Thursday , September 24 2020

Wal-Mart and the Compressed Culture

We are very concerned about the concentration of the media into fewer and fewer hands, but what about retail? Wal-Mart is the world’s biggest company, it is the biggest private employer in the US, it sells 36% of all dog food, 32% of disposable diapers, 30% of photographic film, 26% of toothpaste, 21% of pain remedies, 15% of single copy magazine sales. Its $240 billion-plus in annual sales represents 2.3% of the ENTIRE U.S. ECONOMY.

Its music and magazine policies continue the Disney-fication of America: if it offends “family values,” it doesn’t exist for Wal-Mart. The latest victims, three men’s magazines:

    Wal-Mart Stores, Inc. has pulled the men’s magazines Maxim, Stuff and FHM from its shelves, deeming them too racy for its customers.

    The retail giant made the decision after hearing opinions from customers and associates, Melissa Berryhill, a Wal-Mart spokeswoman told The New York Times in Tuesday’s editions.

    The halt in sales is part of a series of moves by Wal-Mart to pull back on items that it considers too risque. Maxim, Stuff and FHM often feature starlets posing on the cover and in layouts with little clothing.

    ….”I don’t think that these decisions are often rational; they are subjective. For any men’s magazine to put a woman on the cover seems a bit troubling to them,” he said. [AP]

The NY Times has more:

    Magazine industry executives said Wal-Mart occasionally declines to sell particular issues of some magazines, including the September 2001 issue of InStyle that featured an artfully arranged nude photo of the actress Kate Hudson. Last year, Wal-Mart also took exception to a single photo in a compilation of Sports Illustrated Swimsuit issues and decided not to sell the one-time publication.

    ….Many publishing executives are concerned that Wal-Mart’s strong position in magazine sales might put the chain in the role of taste maker for the industry as a whole. But few want to offend the biggest retailer of magazines in America.

    “They are extremely important,” said Dan Capell, editor of Capell’s Circulation Report, a newsletter about magazine circulation. “They are the largest retailers of magazines and probably the fastest growing.”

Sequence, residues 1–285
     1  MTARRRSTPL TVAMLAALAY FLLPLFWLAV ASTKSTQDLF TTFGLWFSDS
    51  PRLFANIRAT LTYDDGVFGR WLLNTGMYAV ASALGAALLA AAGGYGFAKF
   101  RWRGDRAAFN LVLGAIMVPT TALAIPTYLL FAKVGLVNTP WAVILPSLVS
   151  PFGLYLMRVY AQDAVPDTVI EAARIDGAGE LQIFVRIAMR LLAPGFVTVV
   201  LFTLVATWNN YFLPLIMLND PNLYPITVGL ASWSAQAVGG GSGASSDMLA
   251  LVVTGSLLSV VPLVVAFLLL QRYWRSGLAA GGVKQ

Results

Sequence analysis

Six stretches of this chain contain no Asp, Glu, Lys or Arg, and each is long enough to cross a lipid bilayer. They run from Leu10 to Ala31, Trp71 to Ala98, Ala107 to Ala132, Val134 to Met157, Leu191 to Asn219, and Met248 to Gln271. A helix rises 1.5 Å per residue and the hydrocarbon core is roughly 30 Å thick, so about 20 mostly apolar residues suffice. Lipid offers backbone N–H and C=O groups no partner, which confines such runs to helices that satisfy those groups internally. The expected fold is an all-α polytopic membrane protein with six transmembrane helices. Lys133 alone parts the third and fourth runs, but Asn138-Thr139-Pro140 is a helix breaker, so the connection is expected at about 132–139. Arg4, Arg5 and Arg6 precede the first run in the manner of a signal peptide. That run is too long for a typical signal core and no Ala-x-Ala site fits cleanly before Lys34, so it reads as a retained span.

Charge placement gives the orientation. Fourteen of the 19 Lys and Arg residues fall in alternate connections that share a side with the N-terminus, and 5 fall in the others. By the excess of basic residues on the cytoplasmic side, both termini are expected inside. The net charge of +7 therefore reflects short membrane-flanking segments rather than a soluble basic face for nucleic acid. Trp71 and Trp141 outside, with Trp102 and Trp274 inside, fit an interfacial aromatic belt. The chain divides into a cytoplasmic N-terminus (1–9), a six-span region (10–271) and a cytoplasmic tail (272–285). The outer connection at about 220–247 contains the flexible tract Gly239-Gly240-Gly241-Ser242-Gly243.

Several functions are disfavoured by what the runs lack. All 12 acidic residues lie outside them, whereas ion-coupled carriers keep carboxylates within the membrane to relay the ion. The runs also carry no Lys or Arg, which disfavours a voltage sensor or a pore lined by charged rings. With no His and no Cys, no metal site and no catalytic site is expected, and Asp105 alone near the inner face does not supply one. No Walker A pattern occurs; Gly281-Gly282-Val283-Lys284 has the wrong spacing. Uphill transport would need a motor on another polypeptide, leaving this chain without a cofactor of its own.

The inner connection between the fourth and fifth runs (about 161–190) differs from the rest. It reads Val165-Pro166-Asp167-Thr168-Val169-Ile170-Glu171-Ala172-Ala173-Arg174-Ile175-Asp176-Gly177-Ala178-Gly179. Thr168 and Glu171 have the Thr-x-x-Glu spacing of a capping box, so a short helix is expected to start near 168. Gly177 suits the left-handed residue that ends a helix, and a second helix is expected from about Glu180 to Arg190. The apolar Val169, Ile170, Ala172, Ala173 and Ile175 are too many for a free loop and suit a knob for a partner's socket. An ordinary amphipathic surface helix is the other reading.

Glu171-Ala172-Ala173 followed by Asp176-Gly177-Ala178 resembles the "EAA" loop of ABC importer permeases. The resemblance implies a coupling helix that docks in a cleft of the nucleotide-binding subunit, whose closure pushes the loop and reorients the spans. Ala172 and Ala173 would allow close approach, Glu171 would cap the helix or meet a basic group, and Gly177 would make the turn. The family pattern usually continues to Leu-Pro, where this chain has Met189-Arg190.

This corporate censorship is legal – Wal-Mart can sell what it wants to – but when so much sales power is consolidated in a single pair of hands, those “subjective” decisions affect not just what gets sold, but even what gets MADE, and that is very troubling.

In an article calling Wal-Mart “the most admired company in America,” Fortune still provides some frightening perspective:

    What this means for Wal-Mart’s low-profile CEO, Lee Scott, is that he runs what is arguably the world’s most powerful company. What it means for corporate America is a bit more bracing. It means, for one, that Wal-Mart is not just Disney’s biggest customer but also Procter & Gamble’s and Kraft’s and Revlon’s and Gillette’s and Campbell Soup’s and RJR’s and on down the list of America’s famous branded manufacturers. It means, further, that the nation’s biggest seller of DVDs is also its biggest seller of groceries, toys, guns, diamonds, CDs, apparel, dog food, detergent, jewelry, sporting goods, videogames, socks, bedding, and toothpaste–not to mention its biggest film developer, optician, private truck-fleet operator, energy consumer, and real estate developer. It means, finally, that the real market clout in many industries no longer resides in Hollywood or Cincinnati or New York City, but in the hills of northwestern Arkansas.